The Inland Empire Strikes Again
Demand from e-commerce users has been unrelenting
The industrial market in Southern California’s Inland Empire reigns supreme by a long shot.
The region ranked first in a list of the 100 largest warehouse deals across the nation in 2019, according to a new report by CBRE (CBRE). The Inland Empire — the areas of Riverside and San Bernardino, east of Los Angeles — tallied 21 of the top 100 industrial lease agreements by square footage, which added up to 17.5 million square feet.
That 12-month performance outmatched the next closest market, Pennsylvania’s I-78 and I-81 Corridor, by 10 million square feet.
E-commerce users accounted for 13 of Inland Empire’s transactions, ranging from 598,000 to 1.4 million square feet, according to the report. The logistics and e-commerce companies behind Inland Empire’s deals on the list accounted for more than 29.5 million square feet. The report cited steady demand from wholesalers and manufacturers of consumer goods that are looking to move inventory from the warehouse to the end-user.
Two of the largest leases were in Riverside, including the 1-million-square-foot Sycamore Canyon Business Park, which is owned by Dedeaux Properties. Cardinal Health is the tenant. Also, Nordstrom moved into a 1-million-square-foot property in Riverside called Columbia Business Park. In August, the property traded for $123.75 million, according to property records. ASB Allegiance Real Estate Fund purchased the building from Trammell Crow and Washington Capital Management.
Kurt Strasmann, executive managing director at CBRE’s Newport office, said the Inland Empire continues to lead because it is “basically five years ahead of any other market in the nation.” The region, which provides state-of-the-art facilities, has been the most prominent market for the past five to six years, he told Commercial Observer.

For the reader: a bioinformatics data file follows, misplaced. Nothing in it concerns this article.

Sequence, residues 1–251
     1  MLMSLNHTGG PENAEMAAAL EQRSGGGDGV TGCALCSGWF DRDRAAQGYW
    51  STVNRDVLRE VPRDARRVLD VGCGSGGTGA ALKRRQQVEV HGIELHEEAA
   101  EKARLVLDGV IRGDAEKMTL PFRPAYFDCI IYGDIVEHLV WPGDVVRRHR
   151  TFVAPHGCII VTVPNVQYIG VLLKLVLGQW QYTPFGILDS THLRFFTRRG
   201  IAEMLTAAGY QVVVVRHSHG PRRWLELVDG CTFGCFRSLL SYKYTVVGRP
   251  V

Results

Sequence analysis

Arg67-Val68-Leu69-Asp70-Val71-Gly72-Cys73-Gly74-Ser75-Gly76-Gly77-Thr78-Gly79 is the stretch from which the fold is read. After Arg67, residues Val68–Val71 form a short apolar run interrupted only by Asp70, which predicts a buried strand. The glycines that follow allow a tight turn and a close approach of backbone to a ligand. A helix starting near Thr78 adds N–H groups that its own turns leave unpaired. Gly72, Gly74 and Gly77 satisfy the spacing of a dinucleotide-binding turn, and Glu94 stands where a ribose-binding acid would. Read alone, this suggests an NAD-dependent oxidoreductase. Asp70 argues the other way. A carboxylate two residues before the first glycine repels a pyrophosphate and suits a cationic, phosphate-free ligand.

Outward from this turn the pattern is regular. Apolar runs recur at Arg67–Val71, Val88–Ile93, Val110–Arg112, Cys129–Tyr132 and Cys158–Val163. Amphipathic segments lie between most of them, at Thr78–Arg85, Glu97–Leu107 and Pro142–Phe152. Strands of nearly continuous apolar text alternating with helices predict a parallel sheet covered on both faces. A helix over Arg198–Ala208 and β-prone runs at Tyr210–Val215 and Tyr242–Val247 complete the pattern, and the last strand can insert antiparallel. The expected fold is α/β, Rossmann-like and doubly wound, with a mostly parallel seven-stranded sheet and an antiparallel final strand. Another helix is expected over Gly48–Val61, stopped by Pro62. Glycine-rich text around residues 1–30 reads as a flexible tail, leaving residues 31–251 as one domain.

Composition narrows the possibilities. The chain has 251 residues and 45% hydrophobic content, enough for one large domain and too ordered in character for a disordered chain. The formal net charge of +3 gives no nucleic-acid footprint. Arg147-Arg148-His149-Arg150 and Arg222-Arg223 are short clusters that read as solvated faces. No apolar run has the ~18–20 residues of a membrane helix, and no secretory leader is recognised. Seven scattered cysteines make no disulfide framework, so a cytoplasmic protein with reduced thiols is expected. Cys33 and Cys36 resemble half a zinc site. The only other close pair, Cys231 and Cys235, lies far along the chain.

Looking forward, Strasmann pointed out that the Inland Empire has another 20 million square feet of industrial space under construction, which are primarily big box spaces set to be delivered in the next couple years.
“What’s incredible is every year, you think it’s going to slow down,” he said. “It’s not. 2020 will be another banner year. I don’t see that changing.”
The Inland Empire thrives because of its ability to handle large containers from the ports, according to Strasmann. About 20 million people with purchasing power also live within a 60 mile radius of the Inland Empire, and about half the total product coming in from Asia stays within Southern California, Phoenix, and Las Vegas areas, all of which are one day’s truck drive away.
The food and beverage industry also significantly expanded its share of the largest industrial deals in the country by square footage in 2019. The increase was driven by the expansion of grocery delivery and distributors who continue to focus on home delivery. Food and beverage accounted for 13 of the top leases for a combined 13 million square feet.
“E-commerce and logistics companies are the needle movers, but food & beverage quickly has established itself as a major player in industrial real estate leasing.,” said John Morris, executive managing director leading CBRE’s Americas Industrial & Logistics business, in a prepared statement.
CBRE also released a report this week showing the consequences of limited space and rent growth set in the Inland Empire, driving tenants to renew leases about 6 to 12 months ahead of the expiration date. Pre-leased completions equaled more than 10.3 million square feet in 2019, and occupancy gains increased significantly. Demand for state-of-the-art facilities is expected to ignite more growth, the report said.